Bowed tendon in horses is defined as acute or chronic inflammation of a tendon. This condition is also known as tendinitis, tendonitis or tendinopathy.

This injury usually occurs when the tendon is strained beyond its limit, resulting in torn collagen fibers. [13] Tendinitis affects the digital flexor tendons in the lower leg of the horse and can cause severe swelling, pain and lameness.

Racehorses and performance horses are more likely to be affected due to the intensity of their sports. Between 8-43% of racing Thoroughbreds develop a bowed tendon during their racing career. However, any horse can develop tendinitis. [6]

There are several treatments available for bowed tendons, including stall rest, anti-inflammatory medication, physical therapy, holistic treatment and gradual return to exercise. Some cases may require ongoing treatment or surgical intervention.

If you think your horse could have a bowed tendon, contact your veterinarian immediately for diagnosis and to develop a treatment plan tailored to your horse.

Equine Tendon Structure & Function

Tendons are fibrous and dense connective tissues that attach the end of a muscle to a bone. They are extremely important for absorbing impact in the horse’s legs and preventing muscle injury.

When a muscle contracts, the tendon extends and transmits the force of the contraction to the bone, allowing movement in the limb.

Tendons consist predominantly of proteinaceous collagen fibres forming a cable-like structure with collagen arranged in fibril bundles. [21][6]

This structural arrangement allows for high tensile strength, which describes the tendon’s ability to withstand extreme force and pressure without snapping.

Tendons are situated within a lubricated sheath, allowing the tendon to move without resistance or friction and protecting the tendon from abrasion and damage.

Superficial Digital Flexor Tendon

The superficial digital flexor tendon (SDFT) is an energy-storing tendon found at the back of the horse’s leg, between the short pastern and coffin bone. It is responsible for stabilizing the fetlock joint and is highly susceptible to injury. [14]

Repeated loading of the tendon without adequate rest in between exercise bouts increases the likelihood of failure  Between 75-95% of tendon injuries in the horse occur in the SDFL of the forelimb.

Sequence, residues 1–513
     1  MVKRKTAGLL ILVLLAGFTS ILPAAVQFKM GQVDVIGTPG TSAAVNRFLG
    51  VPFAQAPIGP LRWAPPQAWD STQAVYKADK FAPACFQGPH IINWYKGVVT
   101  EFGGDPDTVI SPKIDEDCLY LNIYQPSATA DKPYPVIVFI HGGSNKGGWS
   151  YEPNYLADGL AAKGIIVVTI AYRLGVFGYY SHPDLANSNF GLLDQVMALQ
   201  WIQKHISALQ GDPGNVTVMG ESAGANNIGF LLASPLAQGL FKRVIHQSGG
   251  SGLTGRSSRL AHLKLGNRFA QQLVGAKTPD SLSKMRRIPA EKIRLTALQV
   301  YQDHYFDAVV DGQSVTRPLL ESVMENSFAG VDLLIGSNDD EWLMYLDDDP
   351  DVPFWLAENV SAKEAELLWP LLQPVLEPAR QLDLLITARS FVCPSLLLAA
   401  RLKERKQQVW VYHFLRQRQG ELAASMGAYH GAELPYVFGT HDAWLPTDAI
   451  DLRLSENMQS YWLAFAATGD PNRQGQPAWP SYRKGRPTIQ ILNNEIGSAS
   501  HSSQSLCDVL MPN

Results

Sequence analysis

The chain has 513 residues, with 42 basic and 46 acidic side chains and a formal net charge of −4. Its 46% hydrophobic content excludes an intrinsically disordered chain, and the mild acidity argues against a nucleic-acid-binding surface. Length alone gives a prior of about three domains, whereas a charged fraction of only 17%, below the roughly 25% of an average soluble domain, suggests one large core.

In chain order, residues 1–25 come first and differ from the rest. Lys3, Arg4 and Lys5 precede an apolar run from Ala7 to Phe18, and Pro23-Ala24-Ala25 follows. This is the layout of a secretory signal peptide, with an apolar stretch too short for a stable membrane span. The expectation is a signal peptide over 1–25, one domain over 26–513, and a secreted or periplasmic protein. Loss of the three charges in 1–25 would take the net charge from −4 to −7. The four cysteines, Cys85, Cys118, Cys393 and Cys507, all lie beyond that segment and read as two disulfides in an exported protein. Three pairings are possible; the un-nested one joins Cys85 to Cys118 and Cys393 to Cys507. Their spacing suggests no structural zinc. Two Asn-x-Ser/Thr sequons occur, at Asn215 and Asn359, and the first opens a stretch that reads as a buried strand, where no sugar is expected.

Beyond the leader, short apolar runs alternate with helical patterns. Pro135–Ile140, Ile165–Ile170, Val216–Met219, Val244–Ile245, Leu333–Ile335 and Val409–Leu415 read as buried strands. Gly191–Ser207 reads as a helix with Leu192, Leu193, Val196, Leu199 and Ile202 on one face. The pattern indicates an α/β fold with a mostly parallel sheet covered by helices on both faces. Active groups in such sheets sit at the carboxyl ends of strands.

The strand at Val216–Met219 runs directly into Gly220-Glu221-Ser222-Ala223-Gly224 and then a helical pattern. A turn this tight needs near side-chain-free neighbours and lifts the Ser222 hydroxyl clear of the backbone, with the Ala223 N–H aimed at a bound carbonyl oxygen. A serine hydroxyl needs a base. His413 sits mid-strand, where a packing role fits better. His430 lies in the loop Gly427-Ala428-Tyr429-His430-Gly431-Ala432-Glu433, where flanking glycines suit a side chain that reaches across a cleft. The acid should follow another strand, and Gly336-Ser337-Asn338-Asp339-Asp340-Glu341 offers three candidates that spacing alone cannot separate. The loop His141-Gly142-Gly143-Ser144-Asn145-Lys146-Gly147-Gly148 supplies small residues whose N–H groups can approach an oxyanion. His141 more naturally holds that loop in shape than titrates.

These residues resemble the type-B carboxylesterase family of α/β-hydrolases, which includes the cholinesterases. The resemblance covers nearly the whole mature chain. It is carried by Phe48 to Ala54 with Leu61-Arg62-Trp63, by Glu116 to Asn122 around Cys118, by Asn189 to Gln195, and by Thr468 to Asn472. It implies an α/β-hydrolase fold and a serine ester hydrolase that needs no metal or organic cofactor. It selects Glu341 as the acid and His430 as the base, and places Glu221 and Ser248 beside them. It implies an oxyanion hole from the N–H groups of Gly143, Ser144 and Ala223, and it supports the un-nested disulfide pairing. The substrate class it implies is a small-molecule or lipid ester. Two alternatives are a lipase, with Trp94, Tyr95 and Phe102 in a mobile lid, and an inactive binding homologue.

The Deep Digital Flexor Tendon

The deep digital flexor tendon (DDFT) is the other flexor tendon, which can be found in the back of the horse’s leg. It helps stabilize the joints in the lower leg when bearing weight, as well as support flexion of the hoof.

A bowed DDFT is very uncommon compared to a bowed SDFT. The majority of injuries to this tendon occur within the horse’s hoof capsule, behind the fetlock or in the pastern region. [18]

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Clinical Signs of Bowed Tendons

Tendons are capable of only minimal elongation, and these fibers can tear under extreme, sudden or consistent stress. Tendon tears can vary in severity, with some causing significant swelling and pain in the horse’s lower leg. The majority of equine tendon injuries occur in the forelegs.

Some horses develop a bowed tendon from a sudden injury, such as tripping or stepping in a hole. Horses in heavy training or performance sports can develop a bowed tendon from everyday wear and tear.

Acute Bowed Tendon

In acute cases, a horse with a bowed tendon will have a prominent curved, bow-like swelling on the back of the leg in the cannon bone region. The affected area is usually very painful, hot to the touch and swollen following injury.

The bow commonly occurs in the center of the tendon but can also form right below the knee (a high bow), right above the fetlock (low bow). Some bows can affect all three sites. In some cases, a bow is only visible once the leg hair has been clipped. [18]

Lameness associated with an SDFT injury can be mild and resolve quickly over the week following the initial injury. The grade of lameness rarely correlates with the severity of the injury, except in severe cases.

Overstrain injuries to the DDFT can result in low-grade, persistent lameness and lesions on the suspensory ligament in the hindlimb, otherwise known as suspensory ligament (SL) des